Developing for VZ – Part 4

I had seen a few people talking about a programming system created for vintage computers. The developer named it Turbo Rascal: Syntax Error (or TRSE for short). It’s free to download and use. Most of the coding is based on Pascal but there are some C-like programming methods in it.

I talked to the head developer about porting to the VZ200. He was busy with some other platforms and coding but said if I created some code he’d be happy to let me contribute to his Github for TRSE. I soon had my Github set up for it and he gave me permission to publish new code.

I wrote various routines in Assembly which are called from the Pascal-like TRSE. So the complex and fast-executing code is 100% pure Assembly, whereas the higher level things — variables, functions, records, coding can all be done using TRSE.

I wrote code for manipulating and drawing text in the VZ200 MODE(0) text mode then moved on to hires graphics support. I wrote procedures for drawing a dot on the screen in whichever colour you set the ‘Pen’ to. Then added support for drawing a line, a rectangle, a circle and a filled rectangle.

Next, I added support for sound effects and non-destructive sprites a’la MPAGD. Instead of drawing a sprite on existing pixel data, it would use XOR to draw and if you use XOR again it would return you back to the pixels previously there. I later added it as an option as I needed fast drawing without XOR (particularly when deleting a sprite).

I wrote the sprite code so you can first define a sprite as any pixels in size, then set the sprite data to an array containing the data and call a Draw routine to blit it to the screen.

You can actually change this on the fly! I wrote a clone of Centipede for the VZ200 called “Millipede”. It uses 4×4 pixel sprites for the player’s sprite, mushrooms and the millipede itself. When the spider or scorpion are drawn onscreen (or their explosions) it switches the sprite sizes to 12×4 pixels and switches back to 4×4 and the smaller sprite data array.

It works very well.

I did have an issue with sound due to the fact that the VZ uses the same memory location to set graphics/text mode, palette 0 or 1 and toggle 2 bits to make the speaker create a sound. Calling the built-in code in VZ200 ROM worked fine on one emulator but not on another nor on a real VZ300.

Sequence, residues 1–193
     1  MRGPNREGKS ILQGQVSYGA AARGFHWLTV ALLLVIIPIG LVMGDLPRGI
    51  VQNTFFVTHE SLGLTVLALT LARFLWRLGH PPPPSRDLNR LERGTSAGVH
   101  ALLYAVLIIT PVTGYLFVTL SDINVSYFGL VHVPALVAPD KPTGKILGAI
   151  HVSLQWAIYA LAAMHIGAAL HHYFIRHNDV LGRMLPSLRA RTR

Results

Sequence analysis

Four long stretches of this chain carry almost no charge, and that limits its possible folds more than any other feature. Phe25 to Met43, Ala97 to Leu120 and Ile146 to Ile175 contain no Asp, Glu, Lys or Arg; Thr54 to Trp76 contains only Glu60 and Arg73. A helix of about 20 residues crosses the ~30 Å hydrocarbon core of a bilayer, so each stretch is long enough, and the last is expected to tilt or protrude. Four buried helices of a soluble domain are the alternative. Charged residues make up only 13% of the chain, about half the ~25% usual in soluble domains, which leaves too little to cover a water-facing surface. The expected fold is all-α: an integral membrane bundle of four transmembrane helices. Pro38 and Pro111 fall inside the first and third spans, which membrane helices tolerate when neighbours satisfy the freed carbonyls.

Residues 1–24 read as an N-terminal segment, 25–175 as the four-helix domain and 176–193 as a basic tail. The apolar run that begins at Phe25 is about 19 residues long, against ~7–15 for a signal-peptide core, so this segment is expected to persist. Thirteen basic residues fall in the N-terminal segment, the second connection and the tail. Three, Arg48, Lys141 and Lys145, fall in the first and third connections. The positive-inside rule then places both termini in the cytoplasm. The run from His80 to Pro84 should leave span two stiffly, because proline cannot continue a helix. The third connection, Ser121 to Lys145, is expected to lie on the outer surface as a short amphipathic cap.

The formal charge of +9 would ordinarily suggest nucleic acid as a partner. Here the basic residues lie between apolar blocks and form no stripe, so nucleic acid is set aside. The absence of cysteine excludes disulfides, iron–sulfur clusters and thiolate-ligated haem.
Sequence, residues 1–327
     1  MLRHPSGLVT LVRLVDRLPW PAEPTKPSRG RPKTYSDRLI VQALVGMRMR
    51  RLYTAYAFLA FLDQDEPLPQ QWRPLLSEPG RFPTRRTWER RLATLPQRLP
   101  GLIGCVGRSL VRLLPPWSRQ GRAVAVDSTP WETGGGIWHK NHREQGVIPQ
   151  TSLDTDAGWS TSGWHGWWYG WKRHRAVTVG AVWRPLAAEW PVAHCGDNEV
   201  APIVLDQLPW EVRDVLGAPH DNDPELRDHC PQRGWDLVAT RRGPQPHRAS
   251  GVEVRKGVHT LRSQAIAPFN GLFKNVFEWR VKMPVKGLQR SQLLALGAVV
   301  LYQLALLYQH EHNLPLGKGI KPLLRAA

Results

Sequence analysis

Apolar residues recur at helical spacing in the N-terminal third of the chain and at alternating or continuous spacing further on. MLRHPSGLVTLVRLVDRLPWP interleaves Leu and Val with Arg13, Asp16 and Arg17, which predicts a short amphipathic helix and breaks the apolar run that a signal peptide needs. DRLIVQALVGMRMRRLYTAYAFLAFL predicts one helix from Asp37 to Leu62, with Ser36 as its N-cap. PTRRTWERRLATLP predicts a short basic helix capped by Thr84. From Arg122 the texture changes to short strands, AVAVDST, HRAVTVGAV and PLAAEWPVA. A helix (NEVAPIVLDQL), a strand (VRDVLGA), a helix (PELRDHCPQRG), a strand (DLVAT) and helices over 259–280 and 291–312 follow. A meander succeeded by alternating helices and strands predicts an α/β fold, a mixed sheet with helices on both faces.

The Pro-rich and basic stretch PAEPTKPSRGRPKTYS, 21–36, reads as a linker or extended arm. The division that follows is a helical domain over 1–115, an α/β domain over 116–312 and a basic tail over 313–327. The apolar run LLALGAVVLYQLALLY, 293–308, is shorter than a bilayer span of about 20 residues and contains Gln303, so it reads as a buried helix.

I recently re-coded it so it’d work and all is well.

Millipede on the VZ200

I also purchased and downloaded Aseprite to design some graphics for my friend Shallan50k’s game “Luna”. It’s an amazing sprite editor for all sorts of computer platforms. I found some code for converting sprite data to a format which can be exported for Assembly programming. I soon based my code on that and wrote a plugin for Aseprite to export sprite data for the VZ200 which can be used in either Assembly (export in Hex or Decimal) or in a TRSE array — it exports with the sprite-data array line already formatted for you.

An example of the sprite data I exported to use for Millipede:

smallSprites: array[] of byte = (000,000,000,000,040, 128, 000, 000, 040, 162, 016, 000, 040, 170, 020, 016, 040, 170, 020, 020, 060, 192, 000, 000, 060, 243, 032, 000, 060, 255, 040, 032, 060, 255, 040, 040);

You can test your sprites in Aseprite and see how they animate by flipping through them. You can also set it to ‘Play’ the sprite frame-by-frame to see if it might look good on a real computer. I found it incredibly useful for Millipede as I changed the way my sprites worked and looked and had to redesign them. I had previously created them the hard way but this was much easier.

Comments are Closed

© 2022: Blue Bilby retro computer games | GREEN EYE Theme by: D5 Creation | Powered by: WordPress
%d bloggers like this: